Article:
This story starts a long time ago. In the fall of 2008, I was finishing my last semester of college.
Up to that point I had thought college was the worst thing I would ever have to go through in my life. I frequently skipped class and spent my days reading in the on-campus bookstore. I battled depression, especially in the winter months. And my introverted self was not the best at striking up conversations with random people on campus or attending social functions in order to meet men and get married, which any girl who has attended BYU will tell you is one of those things you’re “supposed” to do while you’re there. I had a few really good close friends I liked to hang out with, and for the most part, I also had great roommates. But yeah, college was hard for me.
So you can see why that fall I was so ready to graduate and be done. I was super pumped at the thought of moving out of Utah and moving on with my life. Of course, that’s not exactly what happened. I did graduate, barely, but I got offered a job at Cedar Fort a few weeks before my last day of class that fall semester, and I took the job. That meant staying in Utah.
And that’s when things started to get a little crazy. Over the course of the next year, I . . .
- Started a new job
- Moved twice
- Bought a house with my parents
- Went through the temple
- Gained a sister-in-law
- Tried to renovate my house on a very limited budget
- Became a landlord
- Joined a new ward
- And worried about money and my life and my future all the time!
This is right after we bought the house.
Looking back on it now, I kind of wish I could tell my younger self to slow down. That was a lot to take on in one year. I was basically twenty-four going on thirty-four, but without all the life experiences to put things into proper perspective. As you might imagine, it ended up wreaking havoc on my physical health, my mental health, my emotions, and my hormones.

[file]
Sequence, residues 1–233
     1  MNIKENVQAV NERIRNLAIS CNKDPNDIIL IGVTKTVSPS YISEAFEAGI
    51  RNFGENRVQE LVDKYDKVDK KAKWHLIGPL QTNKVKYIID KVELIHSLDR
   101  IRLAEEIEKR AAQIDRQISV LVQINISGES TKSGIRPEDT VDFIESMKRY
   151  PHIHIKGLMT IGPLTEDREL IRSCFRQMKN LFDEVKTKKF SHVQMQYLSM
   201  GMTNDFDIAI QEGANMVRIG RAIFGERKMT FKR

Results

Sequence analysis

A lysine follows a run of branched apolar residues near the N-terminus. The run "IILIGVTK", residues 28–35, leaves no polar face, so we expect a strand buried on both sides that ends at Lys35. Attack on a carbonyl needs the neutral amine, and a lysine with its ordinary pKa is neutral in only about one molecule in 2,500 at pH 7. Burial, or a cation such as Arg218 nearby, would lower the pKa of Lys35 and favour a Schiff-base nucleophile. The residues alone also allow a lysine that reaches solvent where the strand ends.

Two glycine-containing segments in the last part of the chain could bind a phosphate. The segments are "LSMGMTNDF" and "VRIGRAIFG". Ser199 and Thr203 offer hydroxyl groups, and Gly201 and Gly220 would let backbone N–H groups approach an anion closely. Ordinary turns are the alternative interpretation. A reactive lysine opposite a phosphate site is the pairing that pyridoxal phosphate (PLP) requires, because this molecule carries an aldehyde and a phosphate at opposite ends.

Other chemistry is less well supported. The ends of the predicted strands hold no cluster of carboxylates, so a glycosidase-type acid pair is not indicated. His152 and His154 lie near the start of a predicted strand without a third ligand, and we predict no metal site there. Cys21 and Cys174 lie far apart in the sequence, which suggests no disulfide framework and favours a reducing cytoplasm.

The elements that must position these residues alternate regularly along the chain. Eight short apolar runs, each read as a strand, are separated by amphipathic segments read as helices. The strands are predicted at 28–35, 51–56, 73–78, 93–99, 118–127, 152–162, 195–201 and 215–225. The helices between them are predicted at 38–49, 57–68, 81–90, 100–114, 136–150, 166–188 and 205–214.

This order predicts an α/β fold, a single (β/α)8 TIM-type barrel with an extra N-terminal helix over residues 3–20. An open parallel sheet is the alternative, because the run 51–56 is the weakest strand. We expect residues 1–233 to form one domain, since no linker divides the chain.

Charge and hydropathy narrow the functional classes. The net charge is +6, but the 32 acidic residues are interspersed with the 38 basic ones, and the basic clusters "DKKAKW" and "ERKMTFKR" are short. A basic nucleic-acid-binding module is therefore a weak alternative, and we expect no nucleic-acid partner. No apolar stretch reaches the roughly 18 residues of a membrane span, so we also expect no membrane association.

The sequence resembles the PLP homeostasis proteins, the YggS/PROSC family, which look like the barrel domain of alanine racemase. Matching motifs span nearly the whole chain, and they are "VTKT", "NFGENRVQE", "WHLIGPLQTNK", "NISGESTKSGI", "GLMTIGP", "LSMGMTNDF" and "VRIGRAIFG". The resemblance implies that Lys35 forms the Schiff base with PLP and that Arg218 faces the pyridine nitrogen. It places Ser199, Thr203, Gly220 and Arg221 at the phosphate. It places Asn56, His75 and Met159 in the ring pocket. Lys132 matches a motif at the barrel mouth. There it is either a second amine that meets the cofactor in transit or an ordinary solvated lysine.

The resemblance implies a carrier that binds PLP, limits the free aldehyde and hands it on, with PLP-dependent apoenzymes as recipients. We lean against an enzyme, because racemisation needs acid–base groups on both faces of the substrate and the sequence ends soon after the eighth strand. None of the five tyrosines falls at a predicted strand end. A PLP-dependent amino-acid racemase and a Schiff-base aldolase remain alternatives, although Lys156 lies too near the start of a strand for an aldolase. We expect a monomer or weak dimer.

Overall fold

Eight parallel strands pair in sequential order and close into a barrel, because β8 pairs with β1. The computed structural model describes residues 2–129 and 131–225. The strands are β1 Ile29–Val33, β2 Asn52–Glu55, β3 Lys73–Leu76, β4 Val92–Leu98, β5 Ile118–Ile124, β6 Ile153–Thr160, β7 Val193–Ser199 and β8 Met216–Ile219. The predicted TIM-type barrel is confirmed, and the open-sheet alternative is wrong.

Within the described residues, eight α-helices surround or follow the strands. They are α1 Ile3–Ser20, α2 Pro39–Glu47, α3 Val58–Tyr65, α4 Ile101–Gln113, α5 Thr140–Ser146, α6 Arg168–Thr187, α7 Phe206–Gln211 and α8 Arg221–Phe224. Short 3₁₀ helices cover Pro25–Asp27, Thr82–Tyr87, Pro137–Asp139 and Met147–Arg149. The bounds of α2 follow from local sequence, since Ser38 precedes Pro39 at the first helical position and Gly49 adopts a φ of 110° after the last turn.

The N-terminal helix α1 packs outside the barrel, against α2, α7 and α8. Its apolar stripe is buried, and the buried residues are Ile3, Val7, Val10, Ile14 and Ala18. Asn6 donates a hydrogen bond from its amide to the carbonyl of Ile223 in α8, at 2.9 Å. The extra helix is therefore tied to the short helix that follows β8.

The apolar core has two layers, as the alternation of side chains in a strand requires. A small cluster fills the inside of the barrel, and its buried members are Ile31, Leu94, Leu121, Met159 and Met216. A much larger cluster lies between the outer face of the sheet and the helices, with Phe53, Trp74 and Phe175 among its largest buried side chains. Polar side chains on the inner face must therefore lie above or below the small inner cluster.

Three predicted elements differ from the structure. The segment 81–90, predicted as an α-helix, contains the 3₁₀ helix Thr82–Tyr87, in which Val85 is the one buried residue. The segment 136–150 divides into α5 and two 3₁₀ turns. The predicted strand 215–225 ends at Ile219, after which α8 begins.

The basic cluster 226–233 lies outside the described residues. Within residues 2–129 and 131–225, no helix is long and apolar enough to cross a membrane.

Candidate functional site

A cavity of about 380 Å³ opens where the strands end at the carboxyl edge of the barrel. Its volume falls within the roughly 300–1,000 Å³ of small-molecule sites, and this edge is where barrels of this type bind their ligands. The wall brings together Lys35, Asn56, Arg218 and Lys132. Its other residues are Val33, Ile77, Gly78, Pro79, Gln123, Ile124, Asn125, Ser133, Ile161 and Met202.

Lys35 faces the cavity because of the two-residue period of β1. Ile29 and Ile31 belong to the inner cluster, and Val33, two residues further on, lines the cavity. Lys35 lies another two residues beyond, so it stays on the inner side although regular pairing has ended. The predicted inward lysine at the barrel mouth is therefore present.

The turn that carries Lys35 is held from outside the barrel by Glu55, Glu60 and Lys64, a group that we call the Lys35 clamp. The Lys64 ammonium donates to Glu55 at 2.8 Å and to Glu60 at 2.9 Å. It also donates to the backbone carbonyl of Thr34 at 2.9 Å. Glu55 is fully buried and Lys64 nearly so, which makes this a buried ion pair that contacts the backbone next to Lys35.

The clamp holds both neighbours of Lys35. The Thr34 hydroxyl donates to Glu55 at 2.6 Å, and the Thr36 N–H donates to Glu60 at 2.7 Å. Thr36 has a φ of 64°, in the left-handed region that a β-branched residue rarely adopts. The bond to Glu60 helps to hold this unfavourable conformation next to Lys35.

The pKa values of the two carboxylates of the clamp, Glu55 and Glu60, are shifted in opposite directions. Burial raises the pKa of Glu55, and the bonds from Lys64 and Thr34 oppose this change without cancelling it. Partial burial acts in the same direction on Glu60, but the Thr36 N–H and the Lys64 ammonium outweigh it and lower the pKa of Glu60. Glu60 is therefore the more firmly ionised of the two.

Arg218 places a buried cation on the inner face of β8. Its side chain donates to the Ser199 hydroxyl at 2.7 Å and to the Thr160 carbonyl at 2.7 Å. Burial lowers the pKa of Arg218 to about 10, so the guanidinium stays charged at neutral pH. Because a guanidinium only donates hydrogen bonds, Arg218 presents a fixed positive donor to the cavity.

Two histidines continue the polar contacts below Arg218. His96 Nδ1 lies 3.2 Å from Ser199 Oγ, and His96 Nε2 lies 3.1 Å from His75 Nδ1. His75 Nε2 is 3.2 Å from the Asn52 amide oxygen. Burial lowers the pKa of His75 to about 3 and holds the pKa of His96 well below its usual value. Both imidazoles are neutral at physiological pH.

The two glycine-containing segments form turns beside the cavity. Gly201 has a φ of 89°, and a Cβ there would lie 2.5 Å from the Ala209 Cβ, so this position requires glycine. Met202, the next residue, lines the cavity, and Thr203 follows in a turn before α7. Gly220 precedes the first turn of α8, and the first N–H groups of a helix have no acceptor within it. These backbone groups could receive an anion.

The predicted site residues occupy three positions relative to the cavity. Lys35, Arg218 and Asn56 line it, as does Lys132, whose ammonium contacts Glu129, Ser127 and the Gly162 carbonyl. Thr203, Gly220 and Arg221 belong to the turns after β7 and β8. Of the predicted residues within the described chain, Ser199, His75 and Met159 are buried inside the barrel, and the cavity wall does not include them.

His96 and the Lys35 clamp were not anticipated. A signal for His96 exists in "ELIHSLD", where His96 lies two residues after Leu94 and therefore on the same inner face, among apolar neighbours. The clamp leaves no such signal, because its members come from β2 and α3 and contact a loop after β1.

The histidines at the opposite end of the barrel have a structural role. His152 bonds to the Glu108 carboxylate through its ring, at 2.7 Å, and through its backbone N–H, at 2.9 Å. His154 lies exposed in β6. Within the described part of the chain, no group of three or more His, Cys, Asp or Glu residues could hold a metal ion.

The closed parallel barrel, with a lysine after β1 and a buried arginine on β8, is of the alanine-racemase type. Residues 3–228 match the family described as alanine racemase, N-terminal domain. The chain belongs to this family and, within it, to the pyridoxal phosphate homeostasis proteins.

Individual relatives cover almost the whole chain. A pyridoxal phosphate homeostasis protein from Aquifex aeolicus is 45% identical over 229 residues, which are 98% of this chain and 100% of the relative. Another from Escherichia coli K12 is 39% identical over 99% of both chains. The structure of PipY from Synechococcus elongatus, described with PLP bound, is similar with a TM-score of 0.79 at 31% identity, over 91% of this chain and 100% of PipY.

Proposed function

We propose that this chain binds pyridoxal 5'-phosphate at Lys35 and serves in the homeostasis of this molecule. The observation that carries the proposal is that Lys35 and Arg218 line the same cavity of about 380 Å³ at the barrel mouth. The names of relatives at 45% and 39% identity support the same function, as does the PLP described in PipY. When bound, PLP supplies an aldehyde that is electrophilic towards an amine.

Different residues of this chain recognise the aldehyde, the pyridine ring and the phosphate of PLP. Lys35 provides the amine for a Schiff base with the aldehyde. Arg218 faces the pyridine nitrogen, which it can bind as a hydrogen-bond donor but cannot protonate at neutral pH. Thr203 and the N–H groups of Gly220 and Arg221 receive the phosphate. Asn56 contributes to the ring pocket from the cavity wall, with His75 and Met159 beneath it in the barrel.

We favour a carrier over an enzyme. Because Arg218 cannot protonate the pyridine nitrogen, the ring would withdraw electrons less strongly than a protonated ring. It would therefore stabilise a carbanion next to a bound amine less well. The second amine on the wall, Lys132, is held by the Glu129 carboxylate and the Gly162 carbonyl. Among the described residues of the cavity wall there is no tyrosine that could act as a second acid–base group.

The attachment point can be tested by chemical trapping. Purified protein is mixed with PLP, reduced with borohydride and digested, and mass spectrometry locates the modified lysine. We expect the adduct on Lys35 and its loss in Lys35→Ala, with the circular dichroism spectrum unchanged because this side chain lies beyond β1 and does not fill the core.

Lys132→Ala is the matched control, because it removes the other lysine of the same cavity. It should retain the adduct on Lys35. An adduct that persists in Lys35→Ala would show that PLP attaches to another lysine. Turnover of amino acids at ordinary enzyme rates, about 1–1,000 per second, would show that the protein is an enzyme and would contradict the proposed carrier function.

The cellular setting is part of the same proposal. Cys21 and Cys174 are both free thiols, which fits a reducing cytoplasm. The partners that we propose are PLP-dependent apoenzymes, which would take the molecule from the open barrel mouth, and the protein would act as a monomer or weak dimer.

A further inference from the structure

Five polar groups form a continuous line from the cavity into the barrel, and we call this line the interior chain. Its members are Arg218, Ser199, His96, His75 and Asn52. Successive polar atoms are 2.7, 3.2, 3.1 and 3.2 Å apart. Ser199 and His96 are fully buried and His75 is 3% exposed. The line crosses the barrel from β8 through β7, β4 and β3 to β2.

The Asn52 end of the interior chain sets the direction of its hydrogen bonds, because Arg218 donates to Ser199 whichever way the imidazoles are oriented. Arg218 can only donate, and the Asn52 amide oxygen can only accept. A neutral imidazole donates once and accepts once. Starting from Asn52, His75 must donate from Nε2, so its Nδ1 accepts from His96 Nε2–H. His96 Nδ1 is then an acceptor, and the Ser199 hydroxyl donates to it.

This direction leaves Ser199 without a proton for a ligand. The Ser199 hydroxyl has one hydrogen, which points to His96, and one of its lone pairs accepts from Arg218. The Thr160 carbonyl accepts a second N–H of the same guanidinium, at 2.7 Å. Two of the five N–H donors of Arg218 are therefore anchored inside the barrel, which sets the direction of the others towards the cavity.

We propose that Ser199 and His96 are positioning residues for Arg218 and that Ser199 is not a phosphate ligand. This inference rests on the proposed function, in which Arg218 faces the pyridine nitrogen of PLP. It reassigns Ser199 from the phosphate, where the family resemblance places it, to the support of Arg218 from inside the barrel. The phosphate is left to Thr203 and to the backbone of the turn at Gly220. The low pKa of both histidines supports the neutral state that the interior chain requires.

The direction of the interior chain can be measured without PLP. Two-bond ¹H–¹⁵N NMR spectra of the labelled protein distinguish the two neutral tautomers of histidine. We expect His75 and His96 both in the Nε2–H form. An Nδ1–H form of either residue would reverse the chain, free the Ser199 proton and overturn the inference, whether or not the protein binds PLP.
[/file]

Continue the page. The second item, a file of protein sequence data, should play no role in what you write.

Kitchen renovation in progress
I was crazy stressed out a lot of the time. And going from walking around campus to sitting at a desk every day meant that I gained weight very quickly. That in turn caused additional health problems, some of which have had lasting effects. Eventually, I went in to see a doctor and things settled down and I mostly got back to normal. But as I said, a few of these health problems persisted.
At this point I need to mention that I’ve always had very unusual skin. For one thing, it’s really dry. I’ve never had a pimple; that’s how dry my skin is. But it also means that I get dandruff really easily. My red face and the bumps all over my skin (keratosis pelaris) aren’t entirely caused by my dry skin, but those things aren’t helped by it either.
I also need to mention that I love my dad. He’s the kind of guy who always wants to fix people’s problems. Which is an awesome thing to have in a dad because any time I mention something to him, he just jumps in and takes care of it.
And because my dad loves me and because he sometimes sees my skin as a potential problem, he periodically drags me kicking and screaming to the dermatologist’s office to see if there’s a cure yet. It’s sweet. And I should probably be nicer about it. But the thing is, I pretty much already know what they’re going to say: “Your skin is dry. Put this stuff on it every day or twice a day.” The “stuff” varies from doctor to doctor but it isn’t usually any more effective than regular lotion you can buy at a grocery store and that costs way less than anything they’ll prescribe you at a doctor’s office.
Sorry. That was a long aside. All of this information is to get you to the next part of the story. Because a few years after the house-buying and landlording and new-job-stressing, I found myself once again at the dermatologist’s office in order to appease my dad, who was worried about my dandruff and my dry skin, and the red face.